Disclaimer: I'm not muscling in on JK's turf - just gambolling on it, like a spring lamb, having fun working out the literary and psychological puzzles which she is having fun setting us
#2: Counsels of War
[In which various decisions are reached.]
Lynsey huddled on the infinitely extensible back seat of the little car which Harry had called a Weasley Special, clutching her head and feeling as if she had the world's worst hangover. "Oh gods oh gods did I really call the Wizengamot a bunch of fuckwits?"
"Yes dear," Minerva McGonagall said with pursed lips. "I agreed completely."
The previous hour or so was a blur to her - her tongue tasted like the floor of a parrot's cage and her heart was trying to beat sideways in vicarious panic. Sickly, she remembered how the sentence of unending isolation had made Snape whiten as the mere threat of Azkaban had not, although Scrimgeour's promise that no voice would ever speak to him again had been immediately disproven as herself, Minerva, Lupin, Harry et al had all begun calling out to him and shouting abuse at the Minister, and Lynsey had embarrassed both Snape and herself by breaking down in tears, and -
Oh. Gods. As Arthur Weasley took the car round a corner at speed she shook her head, not sure whether she was trying to clarify the memory or shake it off. They had come for him, the two guards, in perfect silence, and in silence they had jerked him to his feet and away from her under the eyes of the silent, hating crowd. As he was dragged backwards towards the door to the cells he had stared round rather wildly, biting his lip and trying to get his feet under him to stand and she had seen Scrimgeour's face, watching him, hating and triumphant, and then the Minister had looked straight at her and her tears and a small, complacent, scornful smile had appeared on his lion's face and that, as she could have told him, was terminally stupid of him - because tears in her were almost always a displacement activity while she was thinking about doing something violent, and in flaring rage and darkness she had cried out to him "I'll set a thing on you that will never tire!"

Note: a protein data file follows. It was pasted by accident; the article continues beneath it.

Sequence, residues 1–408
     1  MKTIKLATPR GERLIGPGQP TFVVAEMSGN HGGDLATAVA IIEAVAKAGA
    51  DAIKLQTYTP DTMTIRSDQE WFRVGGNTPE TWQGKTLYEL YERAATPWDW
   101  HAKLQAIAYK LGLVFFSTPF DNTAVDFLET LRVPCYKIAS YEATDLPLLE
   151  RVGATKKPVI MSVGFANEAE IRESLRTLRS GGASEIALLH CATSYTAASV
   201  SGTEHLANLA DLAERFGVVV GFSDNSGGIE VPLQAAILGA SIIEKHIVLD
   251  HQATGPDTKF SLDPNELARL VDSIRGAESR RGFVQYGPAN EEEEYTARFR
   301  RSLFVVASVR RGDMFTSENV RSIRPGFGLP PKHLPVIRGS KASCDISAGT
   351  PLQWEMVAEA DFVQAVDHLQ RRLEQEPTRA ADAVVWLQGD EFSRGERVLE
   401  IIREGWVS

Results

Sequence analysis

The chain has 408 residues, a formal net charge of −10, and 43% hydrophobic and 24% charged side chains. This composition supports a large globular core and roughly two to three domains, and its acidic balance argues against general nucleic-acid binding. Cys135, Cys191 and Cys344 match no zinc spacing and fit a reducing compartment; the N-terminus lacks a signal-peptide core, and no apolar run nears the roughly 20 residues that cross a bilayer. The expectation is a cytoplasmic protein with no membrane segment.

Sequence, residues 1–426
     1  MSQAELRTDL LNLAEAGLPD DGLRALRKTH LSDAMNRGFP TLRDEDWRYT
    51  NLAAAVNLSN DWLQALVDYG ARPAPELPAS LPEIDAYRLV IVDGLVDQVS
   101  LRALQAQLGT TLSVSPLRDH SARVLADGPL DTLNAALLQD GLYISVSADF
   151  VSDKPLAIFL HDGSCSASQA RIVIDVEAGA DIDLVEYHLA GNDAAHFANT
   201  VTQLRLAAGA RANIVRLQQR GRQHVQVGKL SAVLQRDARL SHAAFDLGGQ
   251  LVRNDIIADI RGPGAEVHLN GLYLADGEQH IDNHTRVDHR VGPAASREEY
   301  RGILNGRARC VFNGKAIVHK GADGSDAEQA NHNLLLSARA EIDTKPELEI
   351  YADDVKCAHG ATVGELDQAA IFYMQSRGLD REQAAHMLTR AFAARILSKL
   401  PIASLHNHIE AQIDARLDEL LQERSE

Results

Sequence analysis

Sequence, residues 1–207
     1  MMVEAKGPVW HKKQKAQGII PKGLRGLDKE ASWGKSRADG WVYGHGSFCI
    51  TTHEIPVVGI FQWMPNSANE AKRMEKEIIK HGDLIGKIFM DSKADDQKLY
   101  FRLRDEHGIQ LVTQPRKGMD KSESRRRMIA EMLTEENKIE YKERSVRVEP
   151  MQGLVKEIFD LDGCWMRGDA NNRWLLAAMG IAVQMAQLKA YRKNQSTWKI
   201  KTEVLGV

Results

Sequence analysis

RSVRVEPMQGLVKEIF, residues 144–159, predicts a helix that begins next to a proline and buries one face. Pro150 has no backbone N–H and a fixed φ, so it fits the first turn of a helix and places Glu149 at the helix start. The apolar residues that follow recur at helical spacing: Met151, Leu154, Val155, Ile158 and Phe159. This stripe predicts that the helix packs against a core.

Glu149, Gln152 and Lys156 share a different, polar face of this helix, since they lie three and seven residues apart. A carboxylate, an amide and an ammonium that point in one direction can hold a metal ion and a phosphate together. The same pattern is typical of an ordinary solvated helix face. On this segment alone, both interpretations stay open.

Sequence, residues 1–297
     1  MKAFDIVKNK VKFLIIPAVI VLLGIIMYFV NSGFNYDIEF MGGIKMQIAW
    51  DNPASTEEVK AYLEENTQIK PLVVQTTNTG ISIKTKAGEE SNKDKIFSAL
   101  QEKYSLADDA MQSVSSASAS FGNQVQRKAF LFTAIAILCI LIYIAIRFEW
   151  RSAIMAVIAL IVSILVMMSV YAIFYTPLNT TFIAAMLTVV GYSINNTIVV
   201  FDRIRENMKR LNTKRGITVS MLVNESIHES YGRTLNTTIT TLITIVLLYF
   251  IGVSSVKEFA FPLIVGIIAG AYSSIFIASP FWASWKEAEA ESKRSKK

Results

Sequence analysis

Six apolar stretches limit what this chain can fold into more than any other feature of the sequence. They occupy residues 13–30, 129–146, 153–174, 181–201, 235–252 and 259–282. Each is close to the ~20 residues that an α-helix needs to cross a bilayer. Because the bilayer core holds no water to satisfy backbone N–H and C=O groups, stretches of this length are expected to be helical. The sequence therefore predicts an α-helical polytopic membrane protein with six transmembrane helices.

And then it had been there, on the astral plane, waiting, grinning, and she had teetered at the edge of some notional cliff and wondered about pulling back from it. And had not done so.
As the car screamed round another bend, Lynsey clutched her head and wondered about the karmic consequences of siccing an undying, tireless fiend made of air and darkness onto the Minister for Magic.
They had ended up at a bizarre, ramshackle house which apparently belonged to the Weasleys: the six of them (Poppy still weeping quietly, and all of them in shock), and several members of the apparently vast Weasley clan, all of them with the same red hair and freckles. One of these walking matches, a gangling, long-nosed youth who bore some physical resemblance to Snape himself, was apparently Harry Potter's best friend Ron. And there was the last one in the trio: a small but determined-looking female with frizzy brown hair.
This girl, Hermione her name was, leaned forward in a businesslike way and said sharply "What you are saying is, they sentenced Professor Snape to solitary confinement for life."
"Worse than that, I'm afraid" said Arthur, resting his elbows on the table and rubbing his face tiredly. "As I understand it, the intention is that he is to be confined to a windowless room, just a - a lighted box, without day or night, and never allowed to see the sky. And nobody - not even the guards - will ever speak to him or look him in the eye or communicate with him in any way, or even acknowledge that they have heard him speak or noticed anything he does, ever again. Muggle children call it being 'sent to Coventry,' for some reason - in this case, until he dies."